The Department correctly states that while a reality show may not necessarily be as intense as filming a sitcom, in their estimation it is impossible to create normalcy when you have a camera in a child’s face. Therefore the child must be considered an employee and entitled to all the same protections as child actor employees.

Whether the Gosselin children are running around an amusement park, skiing down a hill, taking a bath, or riding in the car, as long as the camera is rolling the clock is running and they are entitled to payment, under California law.

In fact the only time a reality child is considered not working while being filmed and not entitled to payment, the Department concedes, is when he is sleeping. So when the cameras film the sextuplet’s marathon four-hour naps, they won’t get paid to sleep on our televisions. Of course lately the children don’t seem to ever sleep at all during this extended naptime, so I would think if they are awake in their beds with a camera rolling, they would be entitled to compensation.

The Gosselin children still attend a regular school, which for the twins is at least a full day Monday through Friday, and soon to be the same for the Tups. The Labor Department points out that in California, minors attending regular school must subtract a whopping SIX hours of work time from the amount of time they would be permitted to work if they were home schooled. Effectively, a minor in regular school as young as the Gosselin children could probably not be filmed for more than an hour or so on a weekday. (That is why so many California child actors are home schooled on and off set, to increase the hours they are able to work.) Very young children, of course, like the sextuplets, can only work a few hours a day. The hours slowly increase as a child gets older, but it should be noted that in California, a child must be at least nine years old before he is allowed to spend a full day on a set (the twins are only eight), and even then he is only permitted to be actually working five of those nine hours. Clearly, the Gosselins would violate California law nearly every time the cameras turn on if they lived there.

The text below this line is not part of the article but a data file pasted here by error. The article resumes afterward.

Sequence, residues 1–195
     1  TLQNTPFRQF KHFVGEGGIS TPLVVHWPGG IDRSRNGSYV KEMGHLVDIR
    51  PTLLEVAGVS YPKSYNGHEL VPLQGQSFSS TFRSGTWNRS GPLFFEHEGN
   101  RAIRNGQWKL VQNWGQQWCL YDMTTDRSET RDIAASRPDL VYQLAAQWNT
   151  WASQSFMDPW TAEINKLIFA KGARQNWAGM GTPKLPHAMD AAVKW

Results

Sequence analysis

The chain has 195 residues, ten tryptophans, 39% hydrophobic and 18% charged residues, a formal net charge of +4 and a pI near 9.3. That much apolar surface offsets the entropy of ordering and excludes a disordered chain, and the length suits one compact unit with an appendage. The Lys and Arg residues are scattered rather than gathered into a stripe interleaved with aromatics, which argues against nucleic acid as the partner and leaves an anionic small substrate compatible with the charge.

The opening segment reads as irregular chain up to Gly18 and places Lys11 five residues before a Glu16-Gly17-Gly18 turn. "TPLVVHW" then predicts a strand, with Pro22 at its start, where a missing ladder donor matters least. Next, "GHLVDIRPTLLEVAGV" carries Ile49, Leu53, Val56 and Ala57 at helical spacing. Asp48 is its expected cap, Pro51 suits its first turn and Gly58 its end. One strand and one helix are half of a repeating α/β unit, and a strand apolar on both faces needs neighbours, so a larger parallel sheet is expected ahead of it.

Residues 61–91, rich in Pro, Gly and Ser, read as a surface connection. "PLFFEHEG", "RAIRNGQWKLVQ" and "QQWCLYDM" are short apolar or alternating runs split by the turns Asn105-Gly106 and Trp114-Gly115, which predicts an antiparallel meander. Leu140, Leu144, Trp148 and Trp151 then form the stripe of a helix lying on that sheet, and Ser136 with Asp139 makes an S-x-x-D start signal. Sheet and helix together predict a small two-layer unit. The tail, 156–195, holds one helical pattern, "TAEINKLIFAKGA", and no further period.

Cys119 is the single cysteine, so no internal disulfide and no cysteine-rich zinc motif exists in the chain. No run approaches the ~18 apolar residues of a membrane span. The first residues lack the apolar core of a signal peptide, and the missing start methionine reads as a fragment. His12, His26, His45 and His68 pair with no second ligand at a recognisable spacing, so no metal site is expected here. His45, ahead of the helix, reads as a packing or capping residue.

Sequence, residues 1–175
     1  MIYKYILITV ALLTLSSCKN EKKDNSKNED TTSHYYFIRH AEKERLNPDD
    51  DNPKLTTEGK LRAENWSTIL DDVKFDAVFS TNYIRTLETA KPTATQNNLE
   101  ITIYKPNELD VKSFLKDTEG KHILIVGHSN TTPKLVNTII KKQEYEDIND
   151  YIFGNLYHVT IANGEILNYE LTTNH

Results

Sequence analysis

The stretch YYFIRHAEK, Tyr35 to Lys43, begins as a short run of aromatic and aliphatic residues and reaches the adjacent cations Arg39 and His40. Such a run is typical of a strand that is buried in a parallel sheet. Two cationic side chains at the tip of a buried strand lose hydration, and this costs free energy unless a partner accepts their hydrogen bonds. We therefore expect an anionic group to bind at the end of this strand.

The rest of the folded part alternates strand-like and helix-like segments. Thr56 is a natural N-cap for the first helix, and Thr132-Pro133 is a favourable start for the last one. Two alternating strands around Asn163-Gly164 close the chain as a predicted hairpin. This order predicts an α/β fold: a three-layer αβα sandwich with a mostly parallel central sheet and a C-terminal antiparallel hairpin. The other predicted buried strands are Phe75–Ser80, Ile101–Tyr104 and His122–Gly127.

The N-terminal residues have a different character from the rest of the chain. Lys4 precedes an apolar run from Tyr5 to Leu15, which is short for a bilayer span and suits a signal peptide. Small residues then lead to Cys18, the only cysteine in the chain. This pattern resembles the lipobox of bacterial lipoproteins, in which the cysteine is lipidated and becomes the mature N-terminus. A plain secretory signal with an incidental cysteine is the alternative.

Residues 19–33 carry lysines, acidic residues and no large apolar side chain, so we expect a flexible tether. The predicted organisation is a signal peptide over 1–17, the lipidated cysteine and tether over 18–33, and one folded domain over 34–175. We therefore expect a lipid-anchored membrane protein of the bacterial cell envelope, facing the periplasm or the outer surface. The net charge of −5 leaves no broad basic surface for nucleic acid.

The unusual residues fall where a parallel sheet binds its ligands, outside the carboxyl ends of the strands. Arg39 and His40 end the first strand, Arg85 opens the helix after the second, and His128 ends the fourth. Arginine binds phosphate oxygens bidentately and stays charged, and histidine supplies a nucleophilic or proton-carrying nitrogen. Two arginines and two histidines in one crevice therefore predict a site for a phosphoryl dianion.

The Gosselins seem to be hanging onto a loophole that since the children are being filmed in their environment, they’re not really on set and not really working. Well, under California law, the Labor Department makes no such distinction. “Wherever the participants are being filmed, is considered the “set.”” Nice try, Kon.

We appreciate California for taking such great strides to protect ALL children in front of the cameras. We hope other states do the same, especially Pennsylvania, which not only plays host to the Gosselin’s show but surprisingly several other productions featuring minors, including several PBS shows. Until then, we’re guessing Jon and Kate Gosselin have no intentions of buying a beach house in Malibu any time soon.

Submitted by Dew. Dew is an attorney and a member of the California State Bar, working in children’s law.

April 11, 2009 - Posted by | Gosselin, Greed, Reality TV | , ,